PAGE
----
Monday, 21 March 2011

J 7/08 – Let’s Be Formal

At the beginning of this case, there was a failure to pay the renewal fee for the third year. The EPO sent a notification pursuant to R 69(1) EPC 1973 dated March 16, 2006. On May 26, 2006, the attorney-at-law representing the applicant requested re-establishment and pointed out that the renewal fee plus the additional fee had already been paid on December 23, 2005 at a German bank.

The request for re-establishment was refused in a document dated February 13, 2006. EPO Form 2901 was used, which comprises the paragraph headers “Decision” (Entscheidung), “Reasons for the decision” (Entscheidungsgründe) and “Information on legal remedies” (Rechtsmittelbelehrung).

On the right upper margin of the form the contact details for the The Hague Office of the EPO are given in small print. Below the indication “formalities officer” (Formalsachbearbeiter) as well as a name and telephone numbers in Munich and The Hague are given. On the bottom left there was the official seal of the EPO.

(click to enlarge)
The applicant’s reaction – now filed by a professional representative - was twofold.

First, it contested that the document was indeed a legally effective decision, because the document was seriously deficient on a formal level: it could not be seen from the “decision” which department of the EPO had made it, which made it impossible for the applicant to check whether this department was competent.

As a precaution, the applicant also filed an appeal against the “decision”.

In what follows, the Board deals with the formal objection. Its musings on the substance of the decision will be the object of a forthcoming post.

*** Translated from the German ***

Starting point

[1.1] The Board can only deal with the written submission of the applicant […] it has to decide on the appeal - filed by way of precaution - against the document issued by the EPO on February 13, 2008. As a matter of fact, pursuant to A 21(1) EPC 1973, the Boards of appeal are responsible for the examination of appeals from the decisions of the Receiving Section, Examining Divisions (ED), Opposition Divisions and of the Legal Division. Pursuant to A 106(1) also, appeals can be filed against the decisions of these departments only.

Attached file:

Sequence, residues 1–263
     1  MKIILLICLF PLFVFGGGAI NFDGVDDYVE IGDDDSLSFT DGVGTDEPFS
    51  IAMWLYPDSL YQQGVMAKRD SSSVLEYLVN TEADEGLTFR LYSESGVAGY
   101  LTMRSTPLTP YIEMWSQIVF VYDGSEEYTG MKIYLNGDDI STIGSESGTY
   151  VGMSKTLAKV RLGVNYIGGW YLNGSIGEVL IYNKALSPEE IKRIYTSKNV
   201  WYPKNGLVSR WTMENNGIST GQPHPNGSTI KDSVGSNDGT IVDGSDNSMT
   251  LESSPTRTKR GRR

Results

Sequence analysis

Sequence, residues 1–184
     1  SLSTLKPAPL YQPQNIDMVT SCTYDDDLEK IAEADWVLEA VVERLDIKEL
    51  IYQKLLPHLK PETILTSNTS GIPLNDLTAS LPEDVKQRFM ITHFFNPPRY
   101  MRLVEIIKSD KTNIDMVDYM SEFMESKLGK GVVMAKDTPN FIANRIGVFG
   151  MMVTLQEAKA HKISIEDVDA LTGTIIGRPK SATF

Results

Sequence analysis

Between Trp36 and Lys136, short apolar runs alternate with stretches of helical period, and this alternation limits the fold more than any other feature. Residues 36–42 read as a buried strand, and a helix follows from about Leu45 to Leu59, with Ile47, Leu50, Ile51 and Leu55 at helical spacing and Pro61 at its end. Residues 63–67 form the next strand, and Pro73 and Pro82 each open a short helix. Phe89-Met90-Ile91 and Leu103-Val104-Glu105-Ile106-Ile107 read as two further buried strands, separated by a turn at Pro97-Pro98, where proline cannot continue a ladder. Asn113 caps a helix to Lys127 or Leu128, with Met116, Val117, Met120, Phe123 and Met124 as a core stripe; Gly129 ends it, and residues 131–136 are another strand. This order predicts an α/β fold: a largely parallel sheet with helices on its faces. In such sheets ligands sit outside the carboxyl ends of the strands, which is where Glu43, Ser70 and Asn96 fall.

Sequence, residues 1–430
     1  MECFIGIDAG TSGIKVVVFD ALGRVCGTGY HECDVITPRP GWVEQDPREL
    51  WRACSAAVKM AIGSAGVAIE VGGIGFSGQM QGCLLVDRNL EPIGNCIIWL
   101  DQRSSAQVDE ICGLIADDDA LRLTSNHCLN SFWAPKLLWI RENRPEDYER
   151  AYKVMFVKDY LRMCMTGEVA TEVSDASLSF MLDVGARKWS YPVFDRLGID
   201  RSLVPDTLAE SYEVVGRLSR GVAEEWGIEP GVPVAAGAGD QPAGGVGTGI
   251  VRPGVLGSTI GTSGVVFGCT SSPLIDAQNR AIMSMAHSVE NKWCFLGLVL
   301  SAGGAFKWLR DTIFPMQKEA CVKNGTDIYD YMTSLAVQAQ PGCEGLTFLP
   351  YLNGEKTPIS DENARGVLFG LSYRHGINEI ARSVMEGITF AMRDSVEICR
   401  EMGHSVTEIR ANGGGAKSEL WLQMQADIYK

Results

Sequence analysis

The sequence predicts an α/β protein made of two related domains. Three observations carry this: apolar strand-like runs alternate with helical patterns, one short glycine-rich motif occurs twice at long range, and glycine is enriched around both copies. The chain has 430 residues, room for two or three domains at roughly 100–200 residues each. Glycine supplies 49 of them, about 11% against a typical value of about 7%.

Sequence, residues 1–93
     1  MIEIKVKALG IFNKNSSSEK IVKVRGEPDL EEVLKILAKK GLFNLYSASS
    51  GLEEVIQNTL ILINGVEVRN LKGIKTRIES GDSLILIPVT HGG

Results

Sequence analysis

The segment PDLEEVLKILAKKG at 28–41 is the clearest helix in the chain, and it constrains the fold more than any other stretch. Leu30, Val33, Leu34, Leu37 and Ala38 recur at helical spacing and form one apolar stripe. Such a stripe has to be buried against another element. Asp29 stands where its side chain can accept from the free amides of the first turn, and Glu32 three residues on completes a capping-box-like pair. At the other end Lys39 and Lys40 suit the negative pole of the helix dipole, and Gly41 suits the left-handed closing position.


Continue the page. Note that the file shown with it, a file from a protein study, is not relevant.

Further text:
The EPO document dated February 13, 2008, therefore, would have to be a decision of one of these departments. The applicant has made it clear that, when stating that there was no “legally effective” decision, it presumed that there was no decision at all. As a matter of fact, the applicant has filed its appeal by way of precaution only and has requested that if a new first instance decision was to be taken, the arguments made in the statement of grounds of appeal be taken into account.

The Board points out that it would have to leave the treatment of the applicant’s submission dated April 9, 2008 to the first instance if there was no decision. This would hold true, irrespective of the fact that the formalities agent had referred the appeal to the Board..

The existence of a decision

[1.2] According to the case law of the Boards of appeal, in case of doubt, the question of whether a document constitutes a “decision” or not depends on the substance of its content and not on its form (see “Case Law of the Boards of appeal of the EPO”, 6th edition, 2010, VII.E.7.2.2, in particular J 8/81).

The document under consideration here, dated February 13, 2008, deals with the applicant’s request for re-establishment into the time limit for paying the third renewal fee plus additional fee. EPO Form 2901 comprises the paragraph headers “Decision”, “Reasons for the decision” and “Information on legal remedies”. The reasons for the decision, which were annexed (EPO Form 2916) present the facts of the case, and the paragraph bearing the header “Reasons for the decision” explains why, based on the applicable law, the request of the applicant has to be refused. The document finishes with a “decision phrase” (Entscheidungsformel) which expressly rejects the request for re-establishment.

It follows from all of this that the document is to be classified as a decision, both according to form and contents.

The applicant is of the opinion that there is no decision because the document under consideration does not state which department of the EPO has issued it.